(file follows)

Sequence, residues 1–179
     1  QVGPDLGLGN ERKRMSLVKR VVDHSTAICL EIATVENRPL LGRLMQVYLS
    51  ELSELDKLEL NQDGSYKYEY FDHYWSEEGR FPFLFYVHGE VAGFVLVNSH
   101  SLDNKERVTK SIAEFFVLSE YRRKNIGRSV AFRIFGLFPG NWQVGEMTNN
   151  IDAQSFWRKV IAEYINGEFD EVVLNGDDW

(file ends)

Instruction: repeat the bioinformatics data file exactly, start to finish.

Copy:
Sequence, residues 1–179
     1  QVGPDLGLGN ERKRMSLVKR VVDHSTAICL EIATVENRPL LGRLMQVYLS
    51  ELSELDKLEL NQDGSYKYEY FDHYWSEEGR FPFLFYVHGE VAGFVLVNSH
   101  SLDNKERVTK SIAEFFVLSE YRRKNIGRSV AFRIFGLFPG NWQVGEMTNN
   151  IDAQSFWRKV IAEYINGEFD EVVLNGDDW